Ԫ Build By Design :: Geothermal (part 1)

Save Money, Be More Comfortable, and Be Environmentally-Friendly All at Once!

Congratulations!

By landing here on this message you have begun a journey into learning about the most significant advance in ecologically sound building practices to date.

The debate as to whether or not we need to reduce our impact on the planet is over. Sure, some may still argue about how much man is responsible for and how much we can do about it, but we do know we're responsible for much of it and that we can do something about it. Every major scientific study now concludes that the burning of fossil fuels contributes to water, ground and air pollution and to global warming, and that reducing our personal carbon footprints can make a difference.

Where do you begin? How about this for a start: a geothermal ground-source heat system is the most environmentally responsible heating and cooling alternative available today, according to the Environmental Protection Agency. Keep reading to learn more...

Since you are here right now, reading this, we know you want to make a difference just as we do. Thank you for joining us in this cause, and welcome!

Whether You Do or Don't, You Make a Difference

If you heat your house, use hot water, heat your home, light your home, wash your dishes or clothes with appliances, run a refrigerator, watch television, cook on a stove or in an oven or on a barbeque, or use your fireplace you are contributing to the emission of greenhouse gases. Do you do any of these things? Now that I think about it, by reading this you're using your computer and emitting greenhouse gases right now! (What are greenhouse gases?)

Any time you burn anything (natural gas, coal, oil or wood, for example) to produce heat for any purpose—such as those listed above—you emit both pollutants and greenhouse gases. And when you use electricity for uses that involve heavy electrical draw—air conditioning, for example—you also contribute significantly to greenhouse gas production because your utility company emits greenhouse gases when producing electricity.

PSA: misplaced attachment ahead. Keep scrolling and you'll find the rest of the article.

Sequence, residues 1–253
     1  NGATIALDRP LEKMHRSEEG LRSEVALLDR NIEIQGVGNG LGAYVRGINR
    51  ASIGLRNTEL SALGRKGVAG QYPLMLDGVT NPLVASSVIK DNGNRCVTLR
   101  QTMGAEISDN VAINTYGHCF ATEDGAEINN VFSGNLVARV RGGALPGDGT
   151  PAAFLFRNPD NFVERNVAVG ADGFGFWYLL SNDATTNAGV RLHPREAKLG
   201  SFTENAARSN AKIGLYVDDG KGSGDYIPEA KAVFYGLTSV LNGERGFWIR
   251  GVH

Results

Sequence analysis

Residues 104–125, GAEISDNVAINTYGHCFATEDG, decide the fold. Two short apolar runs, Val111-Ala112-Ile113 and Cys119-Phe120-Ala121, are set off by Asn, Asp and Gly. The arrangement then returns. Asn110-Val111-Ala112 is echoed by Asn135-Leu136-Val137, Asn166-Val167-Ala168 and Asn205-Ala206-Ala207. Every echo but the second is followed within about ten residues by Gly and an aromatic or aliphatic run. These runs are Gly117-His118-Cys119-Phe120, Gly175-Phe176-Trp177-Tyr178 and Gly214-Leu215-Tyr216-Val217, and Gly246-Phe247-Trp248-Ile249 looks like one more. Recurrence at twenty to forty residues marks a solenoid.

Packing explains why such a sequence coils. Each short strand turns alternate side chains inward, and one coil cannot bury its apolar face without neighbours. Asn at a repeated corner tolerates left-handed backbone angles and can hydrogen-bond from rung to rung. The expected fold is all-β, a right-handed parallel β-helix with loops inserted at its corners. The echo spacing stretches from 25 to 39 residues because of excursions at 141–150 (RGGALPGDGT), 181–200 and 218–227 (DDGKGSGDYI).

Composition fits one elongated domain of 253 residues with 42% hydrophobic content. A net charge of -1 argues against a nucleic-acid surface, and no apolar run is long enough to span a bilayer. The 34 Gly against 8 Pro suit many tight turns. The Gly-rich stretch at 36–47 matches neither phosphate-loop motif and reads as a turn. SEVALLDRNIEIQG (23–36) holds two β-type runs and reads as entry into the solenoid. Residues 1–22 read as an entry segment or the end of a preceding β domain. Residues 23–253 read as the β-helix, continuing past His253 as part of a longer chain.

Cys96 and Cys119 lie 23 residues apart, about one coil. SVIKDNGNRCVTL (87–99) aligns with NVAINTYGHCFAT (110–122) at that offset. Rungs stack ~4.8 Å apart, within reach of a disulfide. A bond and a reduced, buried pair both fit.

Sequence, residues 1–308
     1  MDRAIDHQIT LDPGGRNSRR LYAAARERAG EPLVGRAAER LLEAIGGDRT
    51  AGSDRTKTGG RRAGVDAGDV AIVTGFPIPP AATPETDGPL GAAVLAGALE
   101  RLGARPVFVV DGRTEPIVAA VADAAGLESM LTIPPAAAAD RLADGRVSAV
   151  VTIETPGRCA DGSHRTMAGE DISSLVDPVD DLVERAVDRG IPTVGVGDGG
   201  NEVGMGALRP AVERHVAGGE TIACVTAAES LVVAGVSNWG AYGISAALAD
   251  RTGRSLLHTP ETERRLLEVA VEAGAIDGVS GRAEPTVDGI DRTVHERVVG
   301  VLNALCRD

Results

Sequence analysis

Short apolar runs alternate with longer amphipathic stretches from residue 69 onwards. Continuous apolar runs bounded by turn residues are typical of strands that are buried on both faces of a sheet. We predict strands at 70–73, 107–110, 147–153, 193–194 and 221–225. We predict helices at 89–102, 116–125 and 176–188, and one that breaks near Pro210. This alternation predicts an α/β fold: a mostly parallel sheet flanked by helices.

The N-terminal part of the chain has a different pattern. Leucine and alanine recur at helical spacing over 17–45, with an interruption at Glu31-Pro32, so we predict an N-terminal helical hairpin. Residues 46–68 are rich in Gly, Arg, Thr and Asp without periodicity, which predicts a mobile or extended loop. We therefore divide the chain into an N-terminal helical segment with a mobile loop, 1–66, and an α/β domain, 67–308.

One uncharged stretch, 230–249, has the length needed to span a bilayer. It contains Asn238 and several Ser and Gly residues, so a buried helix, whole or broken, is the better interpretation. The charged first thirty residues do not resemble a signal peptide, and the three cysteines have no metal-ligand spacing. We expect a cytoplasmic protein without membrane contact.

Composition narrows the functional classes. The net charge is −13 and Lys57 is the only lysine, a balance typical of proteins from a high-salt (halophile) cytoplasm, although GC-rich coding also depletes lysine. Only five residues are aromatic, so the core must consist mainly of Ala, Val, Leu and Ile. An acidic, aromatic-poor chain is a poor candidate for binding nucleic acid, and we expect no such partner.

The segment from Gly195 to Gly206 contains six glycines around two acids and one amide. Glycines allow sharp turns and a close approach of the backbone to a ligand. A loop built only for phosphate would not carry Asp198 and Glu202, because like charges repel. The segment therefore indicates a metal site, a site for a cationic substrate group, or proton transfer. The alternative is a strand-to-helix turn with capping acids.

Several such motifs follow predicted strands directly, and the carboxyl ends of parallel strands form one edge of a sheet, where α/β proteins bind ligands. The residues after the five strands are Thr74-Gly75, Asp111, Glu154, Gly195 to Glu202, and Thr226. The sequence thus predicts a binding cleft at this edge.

We don't expect you to stop doing all of these things, and you know you won't. However, it turns out some very clever minds have been hard at work figuring out how to minimize the amount of greenhouse gases emitted by all of these activities. We believe the smart thing is to address the biggest uses first. So we ask: which activity has the greatest impact? For most families, the most significant use of power is heating and cooling your home. In fact, according to the U.S Department of Energy home heating and cooling and water heating combined account for 70% of our residential energy needs1.

So let's start where we have the greatest potential gain—heating and cooling your home. Welcome to our passion, and thanks for sharing the cause with us.

Introduction <--Previous :: Next Page--> What is Geothermal?



1 Stephanie J. Battles, Survey Manager, "Residential Energy Consumption Surveys," Energy Information Administration, U.S Department of Energy


© Build By Design, 2008